Dare to be Different

by

Dare to Be Different?

Cystic Fibrosis - Irish War Crimes

Cystic Fibrosis - Irish War Crimes

I picked up on an expression lately that I found was really interesting: “Sheepwalking”, referring basically to our general tendency to follow the norm, doing what everyone else is doing and I guess basically conforming to a general expectation or code of practice or behaviour.

We apply this to everything we do in our lives from the anguish of “What will everyone else be wearing?” to “I really have an opinion but I dare not say anything”.

There is a risk of embarrassment and feeling a little self conscious when you go that little bit out of the way but the person that is generally remembered will probably be the one who dared to be different.

When it comes to your business the same logic applies and you could argue that in the present climate it would be very risky to do anything that it is a little different. “Keep the head down”; “do what we always do”; “play it safe”. Sounds familiar? We are conditioned to obey the rules, stay within the lines of the conventional way of doing things and stay within the normal boundaries and expectations.

Now let’s turn the argument on its head and explore the dark side!

In the current economic climate, or in fact anytime for that matter: ‘Is it a bigger risk not to be different’?

Unless your business is one of few exceptions, you are feeling the effects of the recession and every day you are constantly making tough decisions; cutting back on staff, reducing wages, cutting back on marketing activities, supplying customers whose payments have slowed up, dropping prices, selling or even liquidating the business. We are all caught in this storm and are boxing our way through it in ways that are probably new to most of us.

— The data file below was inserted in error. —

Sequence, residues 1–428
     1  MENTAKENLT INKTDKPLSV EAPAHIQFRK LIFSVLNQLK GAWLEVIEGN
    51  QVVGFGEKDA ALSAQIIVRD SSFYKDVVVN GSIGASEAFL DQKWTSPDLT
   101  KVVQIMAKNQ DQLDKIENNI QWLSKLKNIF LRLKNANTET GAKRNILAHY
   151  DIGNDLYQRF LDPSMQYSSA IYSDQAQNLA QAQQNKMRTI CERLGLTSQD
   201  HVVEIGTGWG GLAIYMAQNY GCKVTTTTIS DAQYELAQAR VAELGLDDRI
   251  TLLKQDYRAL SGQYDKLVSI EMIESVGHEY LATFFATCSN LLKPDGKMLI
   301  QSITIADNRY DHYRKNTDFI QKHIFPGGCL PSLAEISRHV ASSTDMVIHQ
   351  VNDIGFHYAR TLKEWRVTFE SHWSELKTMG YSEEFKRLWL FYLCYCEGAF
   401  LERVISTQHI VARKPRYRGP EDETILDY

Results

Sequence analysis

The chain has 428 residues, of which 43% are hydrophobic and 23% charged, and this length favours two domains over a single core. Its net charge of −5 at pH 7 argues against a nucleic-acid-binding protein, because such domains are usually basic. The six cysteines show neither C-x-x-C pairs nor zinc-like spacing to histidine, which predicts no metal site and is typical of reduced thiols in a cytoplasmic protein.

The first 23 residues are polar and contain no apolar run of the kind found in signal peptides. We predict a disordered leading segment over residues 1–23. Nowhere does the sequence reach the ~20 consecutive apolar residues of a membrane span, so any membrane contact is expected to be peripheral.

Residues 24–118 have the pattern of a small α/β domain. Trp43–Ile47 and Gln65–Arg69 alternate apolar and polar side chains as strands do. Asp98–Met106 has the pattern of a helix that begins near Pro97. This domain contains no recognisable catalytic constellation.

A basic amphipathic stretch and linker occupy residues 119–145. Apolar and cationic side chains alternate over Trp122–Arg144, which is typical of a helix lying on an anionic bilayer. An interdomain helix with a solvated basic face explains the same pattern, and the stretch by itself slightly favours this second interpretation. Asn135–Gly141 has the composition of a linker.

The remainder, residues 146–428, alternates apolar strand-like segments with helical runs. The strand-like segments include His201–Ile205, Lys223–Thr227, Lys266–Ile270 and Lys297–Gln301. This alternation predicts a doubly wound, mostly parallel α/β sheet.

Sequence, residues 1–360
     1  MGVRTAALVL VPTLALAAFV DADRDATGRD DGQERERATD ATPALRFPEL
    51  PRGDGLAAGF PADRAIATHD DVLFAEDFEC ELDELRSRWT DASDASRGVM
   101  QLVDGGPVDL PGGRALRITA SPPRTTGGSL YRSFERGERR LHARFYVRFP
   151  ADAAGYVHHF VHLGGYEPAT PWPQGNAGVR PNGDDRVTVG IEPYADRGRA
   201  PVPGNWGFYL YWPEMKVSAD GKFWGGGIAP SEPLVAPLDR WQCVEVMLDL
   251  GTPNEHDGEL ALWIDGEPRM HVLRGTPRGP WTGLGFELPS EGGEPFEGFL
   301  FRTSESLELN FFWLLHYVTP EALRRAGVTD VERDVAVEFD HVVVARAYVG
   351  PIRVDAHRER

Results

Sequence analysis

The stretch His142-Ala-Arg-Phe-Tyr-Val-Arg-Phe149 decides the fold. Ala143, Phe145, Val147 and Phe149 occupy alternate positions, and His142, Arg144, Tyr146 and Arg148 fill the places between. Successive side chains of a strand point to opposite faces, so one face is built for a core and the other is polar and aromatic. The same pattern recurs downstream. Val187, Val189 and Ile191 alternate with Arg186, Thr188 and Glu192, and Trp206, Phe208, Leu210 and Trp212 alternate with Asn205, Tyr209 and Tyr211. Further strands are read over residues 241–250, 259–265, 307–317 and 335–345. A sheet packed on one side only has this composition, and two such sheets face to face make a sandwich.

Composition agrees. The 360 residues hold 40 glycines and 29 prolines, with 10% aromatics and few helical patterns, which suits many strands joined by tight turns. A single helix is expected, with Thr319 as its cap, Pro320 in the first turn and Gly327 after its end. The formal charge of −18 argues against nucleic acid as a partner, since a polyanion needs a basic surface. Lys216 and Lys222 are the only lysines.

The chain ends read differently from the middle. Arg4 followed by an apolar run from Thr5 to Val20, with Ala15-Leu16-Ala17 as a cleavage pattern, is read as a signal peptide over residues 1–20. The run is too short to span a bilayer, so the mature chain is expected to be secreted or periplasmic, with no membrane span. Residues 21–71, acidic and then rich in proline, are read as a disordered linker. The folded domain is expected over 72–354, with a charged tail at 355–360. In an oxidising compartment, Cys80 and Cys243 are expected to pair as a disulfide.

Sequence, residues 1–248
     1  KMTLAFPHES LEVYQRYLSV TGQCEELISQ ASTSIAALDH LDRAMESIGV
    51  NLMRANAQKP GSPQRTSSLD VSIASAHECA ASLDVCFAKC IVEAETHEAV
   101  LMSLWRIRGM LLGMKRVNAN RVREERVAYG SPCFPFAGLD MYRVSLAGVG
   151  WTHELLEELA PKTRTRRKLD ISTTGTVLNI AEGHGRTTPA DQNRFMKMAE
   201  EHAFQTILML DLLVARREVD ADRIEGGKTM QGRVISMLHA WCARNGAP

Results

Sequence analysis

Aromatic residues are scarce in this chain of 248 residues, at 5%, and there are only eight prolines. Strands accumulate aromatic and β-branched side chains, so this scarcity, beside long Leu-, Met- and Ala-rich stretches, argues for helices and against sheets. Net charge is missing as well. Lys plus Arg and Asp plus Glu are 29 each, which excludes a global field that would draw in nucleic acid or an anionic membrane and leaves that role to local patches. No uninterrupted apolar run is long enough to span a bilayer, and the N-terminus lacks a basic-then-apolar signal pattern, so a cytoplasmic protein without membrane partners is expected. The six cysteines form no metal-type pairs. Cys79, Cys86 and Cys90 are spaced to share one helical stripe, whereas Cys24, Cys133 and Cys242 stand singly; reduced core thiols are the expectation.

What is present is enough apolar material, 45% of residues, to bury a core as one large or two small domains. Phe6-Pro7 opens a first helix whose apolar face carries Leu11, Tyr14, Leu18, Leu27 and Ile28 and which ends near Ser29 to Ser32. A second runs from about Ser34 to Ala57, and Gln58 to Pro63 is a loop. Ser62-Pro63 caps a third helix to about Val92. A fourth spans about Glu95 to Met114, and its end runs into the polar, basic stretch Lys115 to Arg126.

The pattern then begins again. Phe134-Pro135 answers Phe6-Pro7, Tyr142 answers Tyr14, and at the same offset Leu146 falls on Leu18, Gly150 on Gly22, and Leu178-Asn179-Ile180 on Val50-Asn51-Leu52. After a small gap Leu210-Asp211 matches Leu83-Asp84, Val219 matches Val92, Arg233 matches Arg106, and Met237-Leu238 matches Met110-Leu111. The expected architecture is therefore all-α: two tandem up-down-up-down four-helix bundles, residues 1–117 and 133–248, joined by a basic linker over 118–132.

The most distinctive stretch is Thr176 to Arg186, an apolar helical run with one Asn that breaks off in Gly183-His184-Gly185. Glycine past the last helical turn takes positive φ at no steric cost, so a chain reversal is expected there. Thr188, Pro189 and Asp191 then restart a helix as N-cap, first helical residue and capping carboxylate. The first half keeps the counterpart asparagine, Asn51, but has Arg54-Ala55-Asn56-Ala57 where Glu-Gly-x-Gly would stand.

Is it a time for playing it safe or should you dare to be different?
• Cut back or proactively look for the unique opportunities?
• Pull back or start marketing creatively?
• Pay it safe or Dare to be Different?

There are no right or wrong answers to these questions but if it is right for your business to be proactive, it is clear you need to get maximum return for your activities and your investment.

Daring to be Different will get you noticed and will bring you the greatest return for your investment and change how the marketplace views your business.

What do we mean exactly by ‘Daring to be Different’?

Tick the Box and the Wild Card?
“Ticking the Box” is doing the normal thing for every situation: the typical advertisement, the typical sale, the typical window display, the typical mail shot, the typical response to a query, the typical company policy, the typical special offer, the typical business card, the typical sales presentation, the typical advice, the typical packaging, the list goes on..

“The Wild Card” is pushing out the boundaries and exploring some ideas that were never tried before in all these situations and considering them. Some of these you will throw out as being too costly, impossible to execute and totally impractical, but some might actually stay in the mix and merit further consideration.